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From American Apparel's annual report filed with the SEC.
"We are currently experiencing significant liquidity constraints. If we are not able to generate sufficient cash flow from operations or obtain external sources of financing sufficient to fund our debt service requirements and operational needs in the near future, or we are not able to successfully or efficiently implement the strategies that we are pursuing to improve our operating performance and financial position, and may determine that it is in American Apparel's best interests to voluntarily seek relief through a pre-packaged, pre-arranged or other type of filing under Chapter 11 of the U.S. Bankruptcy Code, including prior to the time we would otherwise be required to do so in an acceleration event."
Here is the press release announcing Q4 and annual 2010 results:
LOS ANGELES--(BUSINESS WIRE)-- American Apparel, Inc. (NYSE Amex: APP), a vertically integrated manufacturer, distributor, and retailer of branded fashion basic apparel, today announced its financial results for the fourth quarter and the year ended December 31, 2010. The Company also provided a business update through March 31, 2011.
Tom Casey, Acting President, of American Apparel stated: “2010 was an extremely challenging but productive year. We suffered the after-effects of a major labor disruption resulting from an immigration intervention in 2009. The disruption of our 2010 production schedule resulted in significantly higher production costs per unit and late deliveries of products to our stores and to our wholesale clients. In addition, we encountered extraordinarily challenging world-wide economic conditions. We also experienced higher yarn and fabric costs in the second half of 2010. These factors along with a weak retail environment and intense competition resulted in weak comparable store sales and a lower EBITDA.”
“In spite of adverse circumstances in 2010, we achieved a number of important objectives through March 2011:
Recruited, hired and trained over 2,700 new factory workers since the second half of 2009. As a result of their tenure and training we have seen an overall improvement in our manufacturing efficiency in the fourth quarter of 2010, and expect these trends to further improve in 2011.
Hired three new senior executives over the past six months. Last October, I was hired as Acting President to build the operating management team and bring additional operating disciplines to the business. In February 2011, John Luttrell joined the Company as Chief Financial Officer. Marty Staff joined American Apparel in March 2011 as Chief Business Development Officer. Marty Staff has a long history with leading designer brands and is focused on driving top line. Together, the new management team is working closely with Dov Charney to drive sales while improving efficiencies in inventory and operating costs.
Made strategic investments in technology including installation of RFID in 28 stores with a total of 35 stores now on RFID. RFID uses radio frequency scanning to help control accuracy and flow of inventory. We installed traffic counters and security cameras in 100 stores and completed installation of anti-theft tagging in 223 stores globally. In addition, we implemented advanced labor scheduling and optimization for both manufacturing and global retail. These investments will enhance our ability to support inventory of hot sellers, improve store execution, reduce shrink and lower operating costs.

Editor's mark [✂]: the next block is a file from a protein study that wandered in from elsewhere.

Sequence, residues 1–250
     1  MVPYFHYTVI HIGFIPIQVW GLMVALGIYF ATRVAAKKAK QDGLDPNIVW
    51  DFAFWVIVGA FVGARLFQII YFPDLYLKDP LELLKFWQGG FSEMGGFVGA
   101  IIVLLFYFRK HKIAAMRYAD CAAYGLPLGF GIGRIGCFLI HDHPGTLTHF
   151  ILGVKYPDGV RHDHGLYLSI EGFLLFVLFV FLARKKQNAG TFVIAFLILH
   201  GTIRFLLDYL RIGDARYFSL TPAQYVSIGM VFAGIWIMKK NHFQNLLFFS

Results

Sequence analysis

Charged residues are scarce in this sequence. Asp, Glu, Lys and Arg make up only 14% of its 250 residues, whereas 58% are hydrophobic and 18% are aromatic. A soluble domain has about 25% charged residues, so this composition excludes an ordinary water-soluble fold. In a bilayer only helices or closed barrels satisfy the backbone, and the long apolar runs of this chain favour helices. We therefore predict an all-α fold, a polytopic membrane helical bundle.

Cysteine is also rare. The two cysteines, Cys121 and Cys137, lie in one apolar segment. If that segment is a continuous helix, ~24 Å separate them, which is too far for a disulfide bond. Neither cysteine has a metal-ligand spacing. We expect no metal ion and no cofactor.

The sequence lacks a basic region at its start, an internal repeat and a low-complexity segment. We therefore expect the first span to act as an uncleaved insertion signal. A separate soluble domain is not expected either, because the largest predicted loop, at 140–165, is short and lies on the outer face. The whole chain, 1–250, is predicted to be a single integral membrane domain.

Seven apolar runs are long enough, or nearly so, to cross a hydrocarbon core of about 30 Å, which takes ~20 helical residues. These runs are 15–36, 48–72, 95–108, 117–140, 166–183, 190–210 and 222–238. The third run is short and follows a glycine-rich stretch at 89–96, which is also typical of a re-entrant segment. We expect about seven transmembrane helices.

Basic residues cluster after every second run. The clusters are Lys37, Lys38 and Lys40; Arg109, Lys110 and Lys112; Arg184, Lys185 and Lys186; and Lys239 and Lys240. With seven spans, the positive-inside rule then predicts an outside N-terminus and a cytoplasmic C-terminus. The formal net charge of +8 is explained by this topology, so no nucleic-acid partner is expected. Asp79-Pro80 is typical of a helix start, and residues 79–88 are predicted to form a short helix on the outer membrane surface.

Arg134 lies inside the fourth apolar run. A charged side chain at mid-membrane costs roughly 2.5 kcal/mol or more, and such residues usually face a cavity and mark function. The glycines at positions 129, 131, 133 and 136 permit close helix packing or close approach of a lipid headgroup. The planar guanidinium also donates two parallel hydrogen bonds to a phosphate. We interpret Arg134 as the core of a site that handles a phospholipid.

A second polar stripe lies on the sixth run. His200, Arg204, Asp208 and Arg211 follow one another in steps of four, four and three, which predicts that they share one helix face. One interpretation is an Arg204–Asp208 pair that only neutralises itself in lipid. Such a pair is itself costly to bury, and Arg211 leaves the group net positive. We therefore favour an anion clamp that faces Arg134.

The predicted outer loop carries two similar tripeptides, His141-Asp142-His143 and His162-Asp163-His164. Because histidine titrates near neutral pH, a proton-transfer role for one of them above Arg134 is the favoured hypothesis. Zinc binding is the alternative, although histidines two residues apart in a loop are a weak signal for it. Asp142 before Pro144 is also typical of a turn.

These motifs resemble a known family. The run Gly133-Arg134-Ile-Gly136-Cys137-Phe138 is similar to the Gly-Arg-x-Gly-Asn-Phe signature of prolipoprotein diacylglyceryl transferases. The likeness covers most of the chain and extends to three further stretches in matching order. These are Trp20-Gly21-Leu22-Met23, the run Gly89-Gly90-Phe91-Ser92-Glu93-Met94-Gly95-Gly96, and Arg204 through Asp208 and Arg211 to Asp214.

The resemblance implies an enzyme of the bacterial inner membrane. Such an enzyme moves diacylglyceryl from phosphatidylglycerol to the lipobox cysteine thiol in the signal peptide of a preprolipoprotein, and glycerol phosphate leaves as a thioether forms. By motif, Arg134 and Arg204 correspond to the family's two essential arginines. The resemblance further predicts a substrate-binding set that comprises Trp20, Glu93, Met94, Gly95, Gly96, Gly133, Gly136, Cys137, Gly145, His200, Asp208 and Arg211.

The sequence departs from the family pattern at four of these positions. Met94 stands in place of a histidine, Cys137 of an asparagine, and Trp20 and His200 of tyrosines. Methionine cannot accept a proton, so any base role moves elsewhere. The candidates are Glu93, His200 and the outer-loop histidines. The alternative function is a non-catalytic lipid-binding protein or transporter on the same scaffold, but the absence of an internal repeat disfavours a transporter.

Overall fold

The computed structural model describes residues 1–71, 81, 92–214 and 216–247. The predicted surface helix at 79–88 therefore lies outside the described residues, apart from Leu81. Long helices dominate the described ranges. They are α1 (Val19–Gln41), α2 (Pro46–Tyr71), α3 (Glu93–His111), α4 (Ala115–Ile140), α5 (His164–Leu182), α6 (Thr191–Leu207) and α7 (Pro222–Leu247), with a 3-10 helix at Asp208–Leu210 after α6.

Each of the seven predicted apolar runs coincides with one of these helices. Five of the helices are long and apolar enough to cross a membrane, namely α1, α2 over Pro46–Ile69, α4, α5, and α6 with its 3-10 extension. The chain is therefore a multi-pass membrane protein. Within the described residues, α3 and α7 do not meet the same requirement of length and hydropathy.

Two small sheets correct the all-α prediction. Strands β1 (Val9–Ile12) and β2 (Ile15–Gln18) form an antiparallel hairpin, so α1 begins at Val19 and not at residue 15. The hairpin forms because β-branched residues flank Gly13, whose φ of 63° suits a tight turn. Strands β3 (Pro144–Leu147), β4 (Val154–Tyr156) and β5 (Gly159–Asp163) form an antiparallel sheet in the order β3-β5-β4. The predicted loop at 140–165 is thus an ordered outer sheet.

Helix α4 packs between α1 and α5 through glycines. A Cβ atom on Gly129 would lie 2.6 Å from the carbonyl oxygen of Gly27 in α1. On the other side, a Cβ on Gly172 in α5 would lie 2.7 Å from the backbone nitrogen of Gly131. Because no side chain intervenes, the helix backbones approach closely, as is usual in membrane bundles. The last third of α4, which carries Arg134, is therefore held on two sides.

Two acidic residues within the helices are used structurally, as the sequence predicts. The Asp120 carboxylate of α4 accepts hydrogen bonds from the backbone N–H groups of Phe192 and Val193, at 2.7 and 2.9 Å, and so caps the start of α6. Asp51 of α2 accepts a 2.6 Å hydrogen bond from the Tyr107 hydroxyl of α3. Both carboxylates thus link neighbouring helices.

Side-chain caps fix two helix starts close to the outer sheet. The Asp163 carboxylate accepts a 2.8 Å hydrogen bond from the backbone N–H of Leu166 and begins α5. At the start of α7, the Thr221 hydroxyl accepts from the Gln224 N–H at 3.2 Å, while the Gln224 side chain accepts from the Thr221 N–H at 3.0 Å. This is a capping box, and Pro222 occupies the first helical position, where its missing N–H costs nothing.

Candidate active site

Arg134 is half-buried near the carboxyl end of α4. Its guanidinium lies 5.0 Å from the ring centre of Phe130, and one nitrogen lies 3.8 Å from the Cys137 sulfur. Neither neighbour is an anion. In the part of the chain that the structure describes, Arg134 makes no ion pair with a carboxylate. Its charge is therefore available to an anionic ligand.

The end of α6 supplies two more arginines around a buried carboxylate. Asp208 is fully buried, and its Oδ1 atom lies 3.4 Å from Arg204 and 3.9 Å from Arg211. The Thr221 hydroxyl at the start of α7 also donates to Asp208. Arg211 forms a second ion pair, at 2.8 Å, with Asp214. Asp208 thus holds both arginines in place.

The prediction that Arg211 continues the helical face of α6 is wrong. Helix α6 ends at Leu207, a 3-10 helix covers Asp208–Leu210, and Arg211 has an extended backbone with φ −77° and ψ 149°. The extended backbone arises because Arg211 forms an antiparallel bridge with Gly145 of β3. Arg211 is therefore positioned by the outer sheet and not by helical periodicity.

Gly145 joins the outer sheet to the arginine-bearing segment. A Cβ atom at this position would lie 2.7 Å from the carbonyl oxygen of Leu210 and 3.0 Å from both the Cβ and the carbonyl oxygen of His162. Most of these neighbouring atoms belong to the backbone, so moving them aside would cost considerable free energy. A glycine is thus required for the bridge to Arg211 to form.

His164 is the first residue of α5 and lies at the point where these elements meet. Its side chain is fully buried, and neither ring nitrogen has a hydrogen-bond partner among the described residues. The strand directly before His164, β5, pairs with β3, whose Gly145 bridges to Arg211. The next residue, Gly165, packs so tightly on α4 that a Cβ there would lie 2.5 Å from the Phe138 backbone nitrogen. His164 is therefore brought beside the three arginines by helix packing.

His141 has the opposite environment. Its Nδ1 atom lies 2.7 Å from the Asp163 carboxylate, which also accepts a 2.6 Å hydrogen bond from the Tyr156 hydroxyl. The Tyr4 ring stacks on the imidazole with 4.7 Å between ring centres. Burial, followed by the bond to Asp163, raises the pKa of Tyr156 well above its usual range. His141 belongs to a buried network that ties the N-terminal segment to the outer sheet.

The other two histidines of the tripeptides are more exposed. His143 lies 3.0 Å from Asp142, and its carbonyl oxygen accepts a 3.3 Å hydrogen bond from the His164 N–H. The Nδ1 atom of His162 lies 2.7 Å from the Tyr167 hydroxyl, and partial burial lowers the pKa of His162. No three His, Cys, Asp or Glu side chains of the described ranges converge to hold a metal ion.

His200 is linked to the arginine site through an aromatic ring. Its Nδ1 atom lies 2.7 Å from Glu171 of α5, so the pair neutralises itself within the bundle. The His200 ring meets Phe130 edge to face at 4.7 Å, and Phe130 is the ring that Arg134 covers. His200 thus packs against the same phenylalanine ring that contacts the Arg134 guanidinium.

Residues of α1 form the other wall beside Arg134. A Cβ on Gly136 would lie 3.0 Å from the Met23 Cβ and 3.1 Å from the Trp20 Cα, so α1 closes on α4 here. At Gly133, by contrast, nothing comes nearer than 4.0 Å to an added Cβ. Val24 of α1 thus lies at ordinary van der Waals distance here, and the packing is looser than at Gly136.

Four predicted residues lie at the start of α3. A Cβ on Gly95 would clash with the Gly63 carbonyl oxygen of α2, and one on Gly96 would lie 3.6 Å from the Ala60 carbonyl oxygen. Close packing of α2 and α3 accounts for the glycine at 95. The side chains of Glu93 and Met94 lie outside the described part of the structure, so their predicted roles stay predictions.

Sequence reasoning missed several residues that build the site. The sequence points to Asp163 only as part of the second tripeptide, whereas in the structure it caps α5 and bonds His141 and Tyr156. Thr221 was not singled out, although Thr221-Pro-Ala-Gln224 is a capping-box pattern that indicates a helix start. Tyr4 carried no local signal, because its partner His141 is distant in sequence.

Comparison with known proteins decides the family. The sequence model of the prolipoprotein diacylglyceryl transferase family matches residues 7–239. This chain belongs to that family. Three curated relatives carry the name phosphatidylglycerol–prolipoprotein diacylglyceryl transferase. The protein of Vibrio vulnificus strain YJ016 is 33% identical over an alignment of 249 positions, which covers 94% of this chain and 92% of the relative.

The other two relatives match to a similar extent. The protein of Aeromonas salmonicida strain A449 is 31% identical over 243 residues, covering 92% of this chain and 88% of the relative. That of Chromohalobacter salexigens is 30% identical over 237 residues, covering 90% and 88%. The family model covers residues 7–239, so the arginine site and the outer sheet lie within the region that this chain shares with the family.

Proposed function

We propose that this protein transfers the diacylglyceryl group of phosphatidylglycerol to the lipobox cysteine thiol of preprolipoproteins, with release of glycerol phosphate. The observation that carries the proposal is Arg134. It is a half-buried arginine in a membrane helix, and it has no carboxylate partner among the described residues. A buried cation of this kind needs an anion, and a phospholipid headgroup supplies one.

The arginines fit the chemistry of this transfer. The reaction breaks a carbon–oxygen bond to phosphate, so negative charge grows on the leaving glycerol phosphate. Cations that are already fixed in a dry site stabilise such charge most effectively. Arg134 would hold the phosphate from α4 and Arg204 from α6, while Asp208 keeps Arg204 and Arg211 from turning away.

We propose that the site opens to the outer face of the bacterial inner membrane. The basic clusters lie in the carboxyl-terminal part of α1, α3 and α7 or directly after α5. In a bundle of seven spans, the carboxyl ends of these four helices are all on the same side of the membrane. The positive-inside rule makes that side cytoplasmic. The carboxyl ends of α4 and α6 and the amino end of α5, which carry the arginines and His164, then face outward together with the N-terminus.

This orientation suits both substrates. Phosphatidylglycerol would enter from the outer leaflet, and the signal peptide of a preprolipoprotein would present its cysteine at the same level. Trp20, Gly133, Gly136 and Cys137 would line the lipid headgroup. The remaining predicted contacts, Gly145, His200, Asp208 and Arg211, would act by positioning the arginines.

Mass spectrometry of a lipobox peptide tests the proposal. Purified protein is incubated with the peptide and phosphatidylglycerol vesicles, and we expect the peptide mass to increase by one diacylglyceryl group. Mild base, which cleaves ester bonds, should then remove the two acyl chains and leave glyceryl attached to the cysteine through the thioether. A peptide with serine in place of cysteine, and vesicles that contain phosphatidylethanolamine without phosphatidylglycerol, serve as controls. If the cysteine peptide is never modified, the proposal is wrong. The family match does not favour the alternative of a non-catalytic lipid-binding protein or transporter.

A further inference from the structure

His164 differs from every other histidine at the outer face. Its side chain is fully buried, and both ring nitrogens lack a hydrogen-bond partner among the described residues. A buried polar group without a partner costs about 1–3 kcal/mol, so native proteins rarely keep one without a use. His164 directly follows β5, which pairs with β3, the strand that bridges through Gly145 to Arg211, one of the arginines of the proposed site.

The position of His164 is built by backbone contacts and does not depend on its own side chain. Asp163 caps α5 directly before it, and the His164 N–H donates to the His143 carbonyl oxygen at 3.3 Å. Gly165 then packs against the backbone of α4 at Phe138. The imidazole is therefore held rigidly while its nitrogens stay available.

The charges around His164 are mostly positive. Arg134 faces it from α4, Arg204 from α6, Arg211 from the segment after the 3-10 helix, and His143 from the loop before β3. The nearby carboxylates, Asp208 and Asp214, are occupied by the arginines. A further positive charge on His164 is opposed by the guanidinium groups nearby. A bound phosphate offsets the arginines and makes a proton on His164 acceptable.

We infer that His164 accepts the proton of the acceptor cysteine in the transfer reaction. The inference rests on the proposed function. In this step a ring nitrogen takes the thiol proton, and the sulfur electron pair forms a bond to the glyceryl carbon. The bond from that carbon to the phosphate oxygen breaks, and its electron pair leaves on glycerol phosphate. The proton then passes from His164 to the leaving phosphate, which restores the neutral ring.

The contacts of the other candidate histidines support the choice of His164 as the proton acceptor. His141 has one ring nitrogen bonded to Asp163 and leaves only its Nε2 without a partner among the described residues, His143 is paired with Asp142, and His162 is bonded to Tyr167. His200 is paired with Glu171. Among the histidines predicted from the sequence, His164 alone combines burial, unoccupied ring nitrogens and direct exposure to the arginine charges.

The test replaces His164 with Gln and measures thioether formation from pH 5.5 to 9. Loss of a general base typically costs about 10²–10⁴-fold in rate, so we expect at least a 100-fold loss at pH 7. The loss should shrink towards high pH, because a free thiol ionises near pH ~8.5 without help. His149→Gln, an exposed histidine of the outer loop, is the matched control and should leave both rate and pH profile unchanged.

Online sales growth at 25% in 2011 and tracking to that objective in the first quarter. We have improved our online customer experience through a new website which affords better presentation of our high quality fabrics. We have also improved customer satisfaction by significantly reducing backorders.
Expanded our offering of fashion forward items to enhance our core basics and reinforce the strength and relevance of the American Apparel brand. Best-selling new items include lace and chiffon dresses, skirts and tops as well as wovens such as shawl cardigans and the fisherman’s pullover sweater along with accessories. In the second quarter we are launching our first indigo denim product, a high wasted jean for women.
Implemented a more aggressive approach to optimizing inventory and refining product assortment.
Enhanced our store base by remodeling or expanding over 40 stores and visibly improving appearance at over 60 stores and closing 13 stores.”
“Our principal goal in 2011 is to stabilize the business and create a platform for renewed growth and increasing sales,” said Casey. “Our customers are delighted by American Apparel’s distinctive high-quality product offering and the American Apparel brand is as strong as ever.”
Our same store sales are improving and we expect first quarter 2011 comps to be in the negative mid to high single digits. We expect to achieve positive comp store sales for 2011. Each percentage point increase in comparative store sales generates approximately $2.5 million in additional operating income, before consideration of variable costs. We are excited about Marty Staff’s new initiatives to develop wholesaling of American Apparel product to retailers as well as expanding store-in-store opportunities.